Half empty or half full ?

Some folk use, as a test for whether someone is pessimistic or optimistic, a question about a glass whose contents are half air and half something more commonly valued and noticed when it's in a glass: do you consider the glass to be half empty or half full ? I consider the distinction trite—and a poor guide to attitude. The idea is that if you're thinking of the glass as only having half as much of the interesting stuff in it as it might have, that's pessimistic; whereas the optimist sees that it's got some of the interesting stuff in it, so that's good. For my part, the choices of phrasing being considered are equivalent and I really don't see the use of one or the other should be better construed as indicating the pessimistic or optimistic attitude. How you interpret my answer to such a test says more about you than about me.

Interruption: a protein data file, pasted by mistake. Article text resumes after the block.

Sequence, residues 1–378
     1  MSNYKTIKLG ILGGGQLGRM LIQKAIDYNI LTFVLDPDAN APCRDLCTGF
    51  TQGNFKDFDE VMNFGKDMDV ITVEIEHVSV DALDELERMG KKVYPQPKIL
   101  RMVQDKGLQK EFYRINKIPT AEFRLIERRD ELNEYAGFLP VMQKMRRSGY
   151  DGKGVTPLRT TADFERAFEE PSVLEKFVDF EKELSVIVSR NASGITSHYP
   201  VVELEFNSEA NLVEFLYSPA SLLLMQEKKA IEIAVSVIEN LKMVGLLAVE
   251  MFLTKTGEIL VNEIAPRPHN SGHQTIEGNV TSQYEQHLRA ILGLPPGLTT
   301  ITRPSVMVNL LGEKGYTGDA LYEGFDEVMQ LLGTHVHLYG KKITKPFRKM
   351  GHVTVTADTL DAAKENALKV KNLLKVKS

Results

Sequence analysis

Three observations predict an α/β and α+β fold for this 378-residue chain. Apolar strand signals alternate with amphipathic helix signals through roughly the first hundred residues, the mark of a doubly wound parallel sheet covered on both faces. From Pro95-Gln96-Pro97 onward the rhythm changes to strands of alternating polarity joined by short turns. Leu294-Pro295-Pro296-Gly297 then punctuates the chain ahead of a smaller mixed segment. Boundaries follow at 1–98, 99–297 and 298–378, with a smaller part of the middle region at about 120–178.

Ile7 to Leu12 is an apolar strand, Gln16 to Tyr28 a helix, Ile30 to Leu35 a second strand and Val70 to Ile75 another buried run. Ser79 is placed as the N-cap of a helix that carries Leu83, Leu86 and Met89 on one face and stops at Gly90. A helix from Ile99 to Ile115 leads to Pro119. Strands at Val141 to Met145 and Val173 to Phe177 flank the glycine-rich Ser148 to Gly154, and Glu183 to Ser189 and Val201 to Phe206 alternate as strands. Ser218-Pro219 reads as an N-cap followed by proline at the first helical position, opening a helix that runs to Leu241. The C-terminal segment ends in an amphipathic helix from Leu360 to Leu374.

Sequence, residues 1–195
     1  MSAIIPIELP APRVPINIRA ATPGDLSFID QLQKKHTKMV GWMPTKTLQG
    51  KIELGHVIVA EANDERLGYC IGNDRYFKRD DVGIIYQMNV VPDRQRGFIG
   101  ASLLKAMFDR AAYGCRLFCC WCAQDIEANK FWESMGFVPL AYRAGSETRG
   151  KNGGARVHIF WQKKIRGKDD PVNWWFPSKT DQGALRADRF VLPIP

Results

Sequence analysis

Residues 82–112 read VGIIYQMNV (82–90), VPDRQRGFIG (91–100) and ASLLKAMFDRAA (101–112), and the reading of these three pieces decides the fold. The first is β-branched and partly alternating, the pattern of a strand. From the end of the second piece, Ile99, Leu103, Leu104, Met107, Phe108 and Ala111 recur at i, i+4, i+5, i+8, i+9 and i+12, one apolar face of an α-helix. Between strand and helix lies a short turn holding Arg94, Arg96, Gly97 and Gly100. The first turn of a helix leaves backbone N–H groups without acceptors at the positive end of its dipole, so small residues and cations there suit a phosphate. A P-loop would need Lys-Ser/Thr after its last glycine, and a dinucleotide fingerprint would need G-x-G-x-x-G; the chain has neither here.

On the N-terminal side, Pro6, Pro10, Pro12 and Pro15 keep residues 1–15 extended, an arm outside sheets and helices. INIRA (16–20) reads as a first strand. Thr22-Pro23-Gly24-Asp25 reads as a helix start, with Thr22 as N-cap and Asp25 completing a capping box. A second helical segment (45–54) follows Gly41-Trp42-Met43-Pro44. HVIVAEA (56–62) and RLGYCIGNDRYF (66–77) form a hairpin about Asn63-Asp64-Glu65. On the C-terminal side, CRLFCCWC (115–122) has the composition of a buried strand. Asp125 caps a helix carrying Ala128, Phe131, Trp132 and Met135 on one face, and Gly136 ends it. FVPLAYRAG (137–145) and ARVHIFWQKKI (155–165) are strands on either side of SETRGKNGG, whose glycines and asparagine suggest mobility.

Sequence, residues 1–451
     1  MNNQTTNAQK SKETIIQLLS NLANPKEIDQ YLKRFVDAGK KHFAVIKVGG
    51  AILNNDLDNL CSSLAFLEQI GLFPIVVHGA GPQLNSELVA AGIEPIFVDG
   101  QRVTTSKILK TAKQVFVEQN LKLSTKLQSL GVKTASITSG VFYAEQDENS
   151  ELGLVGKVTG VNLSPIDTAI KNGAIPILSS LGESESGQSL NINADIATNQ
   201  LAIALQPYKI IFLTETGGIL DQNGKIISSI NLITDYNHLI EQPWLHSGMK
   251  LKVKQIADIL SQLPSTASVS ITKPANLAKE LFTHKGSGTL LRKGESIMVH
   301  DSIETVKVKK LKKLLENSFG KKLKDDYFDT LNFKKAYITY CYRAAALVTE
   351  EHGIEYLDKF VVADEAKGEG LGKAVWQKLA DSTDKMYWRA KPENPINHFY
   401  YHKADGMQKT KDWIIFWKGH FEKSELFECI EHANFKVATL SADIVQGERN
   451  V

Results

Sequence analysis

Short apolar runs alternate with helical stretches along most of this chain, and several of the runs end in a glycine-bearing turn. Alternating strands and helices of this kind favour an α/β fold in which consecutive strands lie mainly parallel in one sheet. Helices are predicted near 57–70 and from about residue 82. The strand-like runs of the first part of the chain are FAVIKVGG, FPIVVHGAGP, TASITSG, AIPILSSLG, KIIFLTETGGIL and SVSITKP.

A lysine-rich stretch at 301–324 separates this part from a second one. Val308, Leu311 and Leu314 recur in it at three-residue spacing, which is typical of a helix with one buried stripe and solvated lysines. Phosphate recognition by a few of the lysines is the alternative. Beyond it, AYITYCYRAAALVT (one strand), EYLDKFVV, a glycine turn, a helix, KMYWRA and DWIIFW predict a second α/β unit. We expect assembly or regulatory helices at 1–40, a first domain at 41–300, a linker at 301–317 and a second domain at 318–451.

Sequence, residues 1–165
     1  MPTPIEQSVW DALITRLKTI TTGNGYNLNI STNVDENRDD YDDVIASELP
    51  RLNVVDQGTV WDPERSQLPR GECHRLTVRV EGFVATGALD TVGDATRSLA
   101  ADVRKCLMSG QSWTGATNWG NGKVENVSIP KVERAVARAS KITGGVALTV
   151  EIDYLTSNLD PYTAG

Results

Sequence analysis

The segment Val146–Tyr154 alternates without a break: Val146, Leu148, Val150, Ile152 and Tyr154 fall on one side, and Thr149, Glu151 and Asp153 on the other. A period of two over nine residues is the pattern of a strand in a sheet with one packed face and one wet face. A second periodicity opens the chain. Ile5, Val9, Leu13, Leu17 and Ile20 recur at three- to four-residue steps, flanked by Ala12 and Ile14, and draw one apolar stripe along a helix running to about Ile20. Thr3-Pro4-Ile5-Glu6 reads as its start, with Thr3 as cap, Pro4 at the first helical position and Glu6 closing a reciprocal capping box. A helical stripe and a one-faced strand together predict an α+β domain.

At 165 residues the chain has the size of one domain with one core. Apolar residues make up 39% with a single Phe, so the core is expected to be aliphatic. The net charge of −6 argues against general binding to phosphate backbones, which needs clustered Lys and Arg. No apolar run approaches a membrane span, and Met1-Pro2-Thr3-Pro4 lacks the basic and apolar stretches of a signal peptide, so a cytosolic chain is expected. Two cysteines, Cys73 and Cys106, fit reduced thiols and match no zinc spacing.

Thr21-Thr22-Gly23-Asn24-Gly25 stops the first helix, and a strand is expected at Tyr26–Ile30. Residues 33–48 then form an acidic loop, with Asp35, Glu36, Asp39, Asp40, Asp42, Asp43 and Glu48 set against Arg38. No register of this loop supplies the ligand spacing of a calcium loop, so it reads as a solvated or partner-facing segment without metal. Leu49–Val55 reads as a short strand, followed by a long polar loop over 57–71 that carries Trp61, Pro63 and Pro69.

Furthermore, I have my reservations about the association of it has nice stuff in it with optimism and it's less than full as pessimism. If the pint glass in front of me has half a pint of cider in it, that almost certainly means I've just drunk half a pint, so I'm quite happy about it being less than full, on account of where the difference is.

If someone says they've had a lousy day, do you think that indicates a pessimistic outlook ? Katie: I had a terrible day.  Ship: Then why are you smiling?
// K: Because the day is over and I'm still here…
// K: …and that means I won!  S: YAY!

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